Date of Award
Doctor of Philosophy (PhD)
Materials Science & Engineering
The creation of periodic structures in nano- or micro-scale is an exciting challenge of materials science. Meanwhile, the structures with alternating periodic dielectric constants, known as photonic crystals, are great potentials for many applications in optical integrated circuits. In this dissertation, we design and fabricate periodic two- (2D) and three-dimensional (3D) photonic microstructures with desired symmetry, scalable size or novel functionality (e.g. anisotropic feature) using holographic lithography (HL) technique and via harnessing mechanical instability in different polymer systems. In fabrication of 3D diamond-like photonic structure via four-beam single-exposure HL, we quantitatively analyze the lattice distortion due to refraction effect and photoresist shrinkage, which decreases the symmetry of the resulting structure, thus degrading the quality of photonic bandgap (PBG) properties. To address the optical challenge in fabrication of a perfect 3D photonic crystal using four-beam single-exposure HL approach, we design dual-beam triple-exposure HL and fabricate size-scalable diamond-like structure with minimal distortion. We also investigate the robustness of the optical setup, and find that for a large size structure, a small deviation of beam angles may lead to a significant change of lattice size whereas the translational symmetry of SU-8 structure remains reasonably close to face-center-cubic. Besides the 3D holographic fabrication, we develop an efficient method to create a rich library of 2D photonic structures with anisotropic unit cells via harnessing of pattern transformation of an elastomeric poly(dimethylsiloxane) (PDMS) membrane. We then study the PBG properties of 2D Si post arrays with structural symmetries same as those deformed 2D photonic structures, and their tolerance to the structural deviation. To reveal the underlying mechanisms of pattern transformation and the potential for highly ordered complex structures, we systematically study the kinetic process of capillary induced pattern transformation and recovery when swelling and drying 2D poly(2-hydroxyethyl methacrylate) (PHEMA) membranes with a square lattice of micron-sized cylindrical holes from water repeatedly. We find that the PHEMA membrane undergo different modes of instability during drying: when the internal tension is low, the hole reduces size but retains the shape, in a mode of breathing; when the tension is high, the square lattice bifurcated into a diamond plate pattern with neighboring slits perpendicular to each other, in a mode of buckling. Meanwhile, there are many antiphase boundaries (APBs) formed in the diamond plate pattern, where the morphology (either random or aligned) is dependent on the moving speed of the water front. Using dynamic Monte Carlo method we simulate the nucleation, growth and APB formation in pattern transformation and recovery processes, which matches qualitatively with the experimental results. Finally, we suggest a new strategy of shaping the APBs toward the creation of a single crystal transformed pattern.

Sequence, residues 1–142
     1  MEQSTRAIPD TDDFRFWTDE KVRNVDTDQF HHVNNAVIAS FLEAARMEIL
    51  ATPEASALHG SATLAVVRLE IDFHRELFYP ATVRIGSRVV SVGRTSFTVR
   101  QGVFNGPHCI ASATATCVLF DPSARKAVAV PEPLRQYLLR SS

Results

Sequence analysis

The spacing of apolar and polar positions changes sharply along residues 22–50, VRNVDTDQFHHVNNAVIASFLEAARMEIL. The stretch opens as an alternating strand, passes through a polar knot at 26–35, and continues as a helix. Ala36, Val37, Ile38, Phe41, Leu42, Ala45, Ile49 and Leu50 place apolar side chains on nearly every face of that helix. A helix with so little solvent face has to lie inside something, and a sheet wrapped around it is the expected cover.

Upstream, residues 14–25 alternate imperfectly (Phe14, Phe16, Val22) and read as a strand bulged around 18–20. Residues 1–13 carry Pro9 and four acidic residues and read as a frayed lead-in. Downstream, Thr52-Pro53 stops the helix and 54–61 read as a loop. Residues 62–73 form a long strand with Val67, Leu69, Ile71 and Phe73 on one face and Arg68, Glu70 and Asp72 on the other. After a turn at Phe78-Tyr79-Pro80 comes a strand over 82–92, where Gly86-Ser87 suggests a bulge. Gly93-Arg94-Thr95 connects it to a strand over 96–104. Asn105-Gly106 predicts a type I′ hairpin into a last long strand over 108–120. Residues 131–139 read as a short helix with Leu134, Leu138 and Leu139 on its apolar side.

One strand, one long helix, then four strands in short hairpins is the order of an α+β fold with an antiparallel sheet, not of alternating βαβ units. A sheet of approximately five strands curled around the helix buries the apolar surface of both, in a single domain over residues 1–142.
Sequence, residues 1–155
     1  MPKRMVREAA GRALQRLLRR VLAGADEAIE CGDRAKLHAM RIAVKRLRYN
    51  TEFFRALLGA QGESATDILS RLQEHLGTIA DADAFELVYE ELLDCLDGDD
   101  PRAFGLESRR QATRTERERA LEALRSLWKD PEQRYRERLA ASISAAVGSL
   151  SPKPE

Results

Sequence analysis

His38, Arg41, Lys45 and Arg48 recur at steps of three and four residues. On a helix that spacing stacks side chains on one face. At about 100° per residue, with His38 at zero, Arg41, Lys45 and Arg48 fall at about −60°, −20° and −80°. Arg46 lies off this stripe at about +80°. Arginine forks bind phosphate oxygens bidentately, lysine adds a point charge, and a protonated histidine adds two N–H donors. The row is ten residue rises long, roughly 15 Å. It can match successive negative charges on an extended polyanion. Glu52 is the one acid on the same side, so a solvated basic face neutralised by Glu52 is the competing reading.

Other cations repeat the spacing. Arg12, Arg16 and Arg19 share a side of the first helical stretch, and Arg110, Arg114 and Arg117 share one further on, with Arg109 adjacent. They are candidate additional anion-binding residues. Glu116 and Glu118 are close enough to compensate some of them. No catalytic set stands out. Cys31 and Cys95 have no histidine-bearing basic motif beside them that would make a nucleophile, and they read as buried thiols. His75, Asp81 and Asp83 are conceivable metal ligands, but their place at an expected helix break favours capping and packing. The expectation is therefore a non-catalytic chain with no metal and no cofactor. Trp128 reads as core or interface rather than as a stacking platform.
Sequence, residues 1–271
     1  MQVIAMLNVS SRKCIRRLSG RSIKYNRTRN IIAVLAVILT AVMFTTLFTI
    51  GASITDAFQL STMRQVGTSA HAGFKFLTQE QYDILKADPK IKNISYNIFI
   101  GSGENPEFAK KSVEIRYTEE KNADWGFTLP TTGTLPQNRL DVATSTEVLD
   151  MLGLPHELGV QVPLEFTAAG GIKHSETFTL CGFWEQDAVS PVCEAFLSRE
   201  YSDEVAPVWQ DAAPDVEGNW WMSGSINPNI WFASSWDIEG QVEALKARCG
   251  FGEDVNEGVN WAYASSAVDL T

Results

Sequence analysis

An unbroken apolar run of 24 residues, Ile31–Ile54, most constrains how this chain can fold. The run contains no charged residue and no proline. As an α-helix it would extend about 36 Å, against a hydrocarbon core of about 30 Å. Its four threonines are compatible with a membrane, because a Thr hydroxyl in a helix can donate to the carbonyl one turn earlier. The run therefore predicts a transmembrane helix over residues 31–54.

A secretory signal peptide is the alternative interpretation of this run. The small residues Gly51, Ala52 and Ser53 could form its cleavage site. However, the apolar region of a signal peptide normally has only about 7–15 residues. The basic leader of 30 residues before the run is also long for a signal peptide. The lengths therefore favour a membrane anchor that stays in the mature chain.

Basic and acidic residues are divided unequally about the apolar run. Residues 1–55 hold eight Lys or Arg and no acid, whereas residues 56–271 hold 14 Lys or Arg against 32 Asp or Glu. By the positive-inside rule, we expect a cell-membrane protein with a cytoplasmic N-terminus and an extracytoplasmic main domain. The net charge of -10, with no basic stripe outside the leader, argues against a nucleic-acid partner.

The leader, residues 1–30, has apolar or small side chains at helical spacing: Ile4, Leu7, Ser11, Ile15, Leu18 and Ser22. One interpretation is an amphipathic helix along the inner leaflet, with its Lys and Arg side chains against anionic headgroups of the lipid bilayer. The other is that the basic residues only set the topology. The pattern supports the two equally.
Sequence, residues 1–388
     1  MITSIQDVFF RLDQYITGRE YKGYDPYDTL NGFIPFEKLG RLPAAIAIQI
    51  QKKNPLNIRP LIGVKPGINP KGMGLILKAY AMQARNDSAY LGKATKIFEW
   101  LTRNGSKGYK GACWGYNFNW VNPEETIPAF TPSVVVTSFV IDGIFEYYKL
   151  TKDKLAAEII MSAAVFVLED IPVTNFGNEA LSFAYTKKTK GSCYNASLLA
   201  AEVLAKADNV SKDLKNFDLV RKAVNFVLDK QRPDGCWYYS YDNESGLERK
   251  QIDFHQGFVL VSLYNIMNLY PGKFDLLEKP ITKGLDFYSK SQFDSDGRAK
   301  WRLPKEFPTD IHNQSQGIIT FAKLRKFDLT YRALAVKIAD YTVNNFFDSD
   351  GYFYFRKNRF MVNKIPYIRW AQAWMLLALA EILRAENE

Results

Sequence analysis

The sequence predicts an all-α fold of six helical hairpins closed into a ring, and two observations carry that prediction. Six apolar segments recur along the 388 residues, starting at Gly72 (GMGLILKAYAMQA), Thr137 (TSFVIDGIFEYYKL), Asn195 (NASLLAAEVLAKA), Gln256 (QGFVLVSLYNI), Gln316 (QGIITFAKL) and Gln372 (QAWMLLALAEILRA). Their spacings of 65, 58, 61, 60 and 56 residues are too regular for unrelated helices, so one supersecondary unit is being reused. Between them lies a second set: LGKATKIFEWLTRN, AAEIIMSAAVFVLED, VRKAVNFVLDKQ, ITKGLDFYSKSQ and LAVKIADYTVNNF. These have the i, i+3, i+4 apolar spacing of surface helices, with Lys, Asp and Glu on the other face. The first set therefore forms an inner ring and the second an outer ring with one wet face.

Zhu, Xuelian, "Design and Fabrication of Photonic Microstructures by Holographic Lithography and Pattern Transformation" (2011). Publicly Accessible Penn Dissertations. 342.